Tuesday, April 2, 2013

From the horse's mouth - how to pay for transit expansion across the GTA

Metrolinx Releases Short List of Proposed Investment Tools for Consultation

TORONTO, April 2, 2013 /CNW/ - Metrolinx has released a short list of investment tools for consultation that will help decide how transit expansion is funded in the years ahead.
Metrolinx is developing an investment strategy to help finance The Big Move and the next wave of projects including the Downtown Relief Line, the Yonge Subway Extension into York Region, new rapid transit in Mississauga, Brampton, Hamilton, new bus rapid transit corridors in Halton, Peel, Toronto and Durham, and major changes to the GO Transit rail network, municipal transit projects, roads and highways and green transportation options, such as cycling and walking.
Metrolinx examined over 25 investment options—strategies and investment tools to fund transit—that are used in other jurisdictions and received input through a series of 12 round table meetings with residents across the GTHA on ways to fund public transit.
"We want to continue our conversation with municipalities, stakeholders and the public to help us deliver our investment strategy," said Metrolinx CEO Bruce McCuaig.
Metrolinx is considering the following investment options for additional consultation:
  • Development Charges
  • Employer Payroll Tax
  • Fuel Tax
  • High Occupancy Tolls (HOT)
  • Highway Tolls
  • Land Value Capture
  • Parking Space Levy, including pay-for-parking at transit stations
  • Property Tax
  • Sales Tax
  • Transit Fare Increase
  • Vehicle Kilometres Travelled (VKT) Fee
"At our round table meetings, we heard that there is wide recognition of the problem of congestion and there is impatience for a solution," said Metrolinx CEO Bruce McCuaig. "Participants want to see more transit and transportation expansion, they understand that this requires significant investment and overall they supported tools to build new transit and transportation."

Metrolinx is required to provide advice on investment tools to the Ontario government and GTHA municipalities through an investment strategy. The investment strategy, to be released by June 1, will provide funding options for implementation of The Big Move, Metrolinx's regional transportation plan.
Metrolinx is working to provide residents and businesses in the GTHA with a transportation system that is modern, efficient and integrated. Find out more about The Big Move at
SOURCE: Metrolinx


C.J. Smith said...

I started raging at transit increase. Hells no.

Squiggles said...


If they cleaned their own house (and I am included ALL Government of Ontario corporations and ministries, etc.) and showed that they could handle the money, then I would receive this news better.

Cut the waste, then ask for money. Don't think you can piss away millions and then hit up the taxpayers to fund your little pet projects.

April said...

Highway tolls aren't a bad idea. You want to encourage people to take transit, make them pay if they drive into the city. Maybe developmental charges - building outside the city, you should have to consider how people are going to get to their jobs in the city.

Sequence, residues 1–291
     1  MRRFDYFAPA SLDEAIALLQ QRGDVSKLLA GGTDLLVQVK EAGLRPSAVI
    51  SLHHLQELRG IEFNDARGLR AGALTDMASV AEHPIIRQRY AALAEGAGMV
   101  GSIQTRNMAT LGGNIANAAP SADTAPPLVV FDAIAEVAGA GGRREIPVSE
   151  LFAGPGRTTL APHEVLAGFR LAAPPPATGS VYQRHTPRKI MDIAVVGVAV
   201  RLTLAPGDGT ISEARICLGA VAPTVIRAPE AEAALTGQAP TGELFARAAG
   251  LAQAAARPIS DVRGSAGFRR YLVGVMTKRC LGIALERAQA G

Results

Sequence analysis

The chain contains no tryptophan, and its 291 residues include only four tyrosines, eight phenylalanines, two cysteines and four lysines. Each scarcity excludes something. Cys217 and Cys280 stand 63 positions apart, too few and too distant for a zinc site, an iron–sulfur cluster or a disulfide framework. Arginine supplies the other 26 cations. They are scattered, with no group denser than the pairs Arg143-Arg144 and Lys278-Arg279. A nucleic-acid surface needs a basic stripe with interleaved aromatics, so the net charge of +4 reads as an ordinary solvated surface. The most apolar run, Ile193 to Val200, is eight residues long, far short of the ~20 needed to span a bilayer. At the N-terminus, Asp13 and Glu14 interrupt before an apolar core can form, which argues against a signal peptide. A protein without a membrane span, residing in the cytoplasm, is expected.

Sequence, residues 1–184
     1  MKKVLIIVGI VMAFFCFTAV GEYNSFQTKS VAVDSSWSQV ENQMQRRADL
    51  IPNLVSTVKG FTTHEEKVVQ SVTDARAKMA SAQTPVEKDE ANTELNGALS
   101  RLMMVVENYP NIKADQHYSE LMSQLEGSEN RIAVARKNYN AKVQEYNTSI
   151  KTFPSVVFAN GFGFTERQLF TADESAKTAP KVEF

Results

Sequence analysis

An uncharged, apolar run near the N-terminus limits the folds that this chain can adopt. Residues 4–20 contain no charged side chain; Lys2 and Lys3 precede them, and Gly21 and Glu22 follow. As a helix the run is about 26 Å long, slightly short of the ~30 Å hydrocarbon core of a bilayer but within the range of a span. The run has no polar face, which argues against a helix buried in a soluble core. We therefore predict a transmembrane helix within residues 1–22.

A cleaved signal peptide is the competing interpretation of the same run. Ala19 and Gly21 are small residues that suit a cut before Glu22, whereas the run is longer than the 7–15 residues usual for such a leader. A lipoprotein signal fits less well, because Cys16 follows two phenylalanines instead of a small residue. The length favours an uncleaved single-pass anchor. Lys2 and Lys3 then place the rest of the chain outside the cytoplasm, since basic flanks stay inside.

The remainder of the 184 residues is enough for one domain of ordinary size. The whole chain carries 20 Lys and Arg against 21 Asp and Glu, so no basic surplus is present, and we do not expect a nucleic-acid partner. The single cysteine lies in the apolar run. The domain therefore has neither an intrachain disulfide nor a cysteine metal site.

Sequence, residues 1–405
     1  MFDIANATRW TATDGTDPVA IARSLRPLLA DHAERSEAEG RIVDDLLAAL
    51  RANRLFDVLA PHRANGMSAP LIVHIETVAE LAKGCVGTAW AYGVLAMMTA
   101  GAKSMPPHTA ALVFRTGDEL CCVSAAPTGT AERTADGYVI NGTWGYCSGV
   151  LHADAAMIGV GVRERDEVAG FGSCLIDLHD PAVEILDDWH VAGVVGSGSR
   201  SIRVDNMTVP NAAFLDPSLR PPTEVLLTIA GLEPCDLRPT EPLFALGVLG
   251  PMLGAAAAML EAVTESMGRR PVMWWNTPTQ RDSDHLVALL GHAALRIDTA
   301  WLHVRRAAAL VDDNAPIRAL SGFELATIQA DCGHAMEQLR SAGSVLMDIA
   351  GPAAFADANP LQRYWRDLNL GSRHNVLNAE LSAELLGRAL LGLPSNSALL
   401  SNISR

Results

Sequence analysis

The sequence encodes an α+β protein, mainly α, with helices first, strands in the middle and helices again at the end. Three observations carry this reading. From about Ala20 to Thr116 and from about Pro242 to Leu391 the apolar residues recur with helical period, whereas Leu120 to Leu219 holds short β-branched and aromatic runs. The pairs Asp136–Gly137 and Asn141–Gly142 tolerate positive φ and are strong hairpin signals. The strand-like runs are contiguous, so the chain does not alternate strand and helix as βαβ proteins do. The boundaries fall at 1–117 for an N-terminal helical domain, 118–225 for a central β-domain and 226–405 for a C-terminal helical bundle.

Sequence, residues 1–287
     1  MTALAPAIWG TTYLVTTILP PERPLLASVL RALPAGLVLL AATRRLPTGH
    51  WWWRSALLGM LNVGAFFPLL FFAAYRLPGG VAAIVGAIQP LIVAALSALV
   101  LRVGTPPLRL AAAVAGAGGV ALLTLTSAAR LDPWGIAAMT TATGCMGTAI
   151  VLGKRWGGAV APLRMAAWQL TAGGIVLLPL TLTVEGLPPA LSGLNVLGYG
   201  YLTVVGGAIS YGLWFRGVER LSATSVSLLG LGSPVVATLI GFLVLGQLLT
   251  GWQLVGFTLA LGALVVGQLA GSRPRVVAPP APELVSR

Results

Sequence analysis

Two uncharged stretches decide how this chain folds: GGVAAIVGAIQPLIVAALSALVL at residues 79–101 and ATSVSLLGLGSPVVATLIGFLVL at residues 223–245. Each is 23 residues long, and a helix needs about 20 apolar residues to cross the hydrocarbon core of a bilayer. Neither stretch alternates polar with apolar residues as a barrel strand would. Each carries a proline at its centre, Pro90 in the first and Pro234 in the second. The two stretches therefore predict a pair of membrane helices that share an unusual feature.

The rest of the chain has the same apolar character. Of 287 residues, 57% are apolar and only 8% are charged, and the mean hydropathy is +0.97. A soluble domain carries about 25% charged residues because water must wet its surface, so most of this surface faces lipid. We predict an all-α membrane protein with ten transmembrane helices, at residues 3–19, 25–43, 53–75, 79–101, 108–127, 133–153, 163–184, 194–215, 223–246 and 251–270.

But fare increases, parking space levies won't work. They charge me much more and it won't be worth it for me to take transit.

ExGOnowTTC said...

*gagging sound* CASINO STUPID!

MATT said...

· Development Charges - What does this mean?
· Employer Payroll Tax - What? You mean make employers foot the bill to get employees to work in a more reliable manner? Hmmm....
· Fuel Tax – Is this somehow different than a sales tax or a VKT fee? How?
· High Occupancy Tolls (HOT) - What is this?
· Highway Tolls - I don't object to this, personally, depending on how it is implemented.
· Land Value Capture - What is this?
· Parking Space Levy, including pay-for-parking at transit stations - As stated in a previous blog, I don't object to this in any way. I'm probably in the minority.
· Property Tax - Property tax increase to fund transit? I don’t see the correlation.
· Sales Tax - On what? Unless it's a municipal tax, I can't see how this is fair. But then, which municipalities will have one, and which ones won’t? Who determines what municipalities are exempt?
· Transit Fare Increase - This is like death and taxes. People should not freak out so much about this. Fares will increase regardless. Might as well worry about things you have more control over.
· Vehicle Kilometres Travelled (VKT) Fee - Wait a this suggesting that someone tracks our mileage driven and each vehicle owner is then charged a proportionate fee to fund transit expansion? I can't see how this is a realistic method. What if you take long roadtrips, or any travel in which public transit is not an option? What if you have teenagers who drive the shit out of your car? Are cab drivers who put 500,000 kms on a taxi going to be subject to the same rules? How could something this broad possibly work?

Anonymous said...

Vehicle Kilometres Travelled (VKT) Fee already exists - it's called a gas tax.

This is ridiculous

Bicky said...

If the money raised actually went to transit and roads, well, I might get behind it. Unfortunately, Ms Wynne has inherited a FIBeral party that can't be trusted with our tax dollars. I'm loathe to pay any more.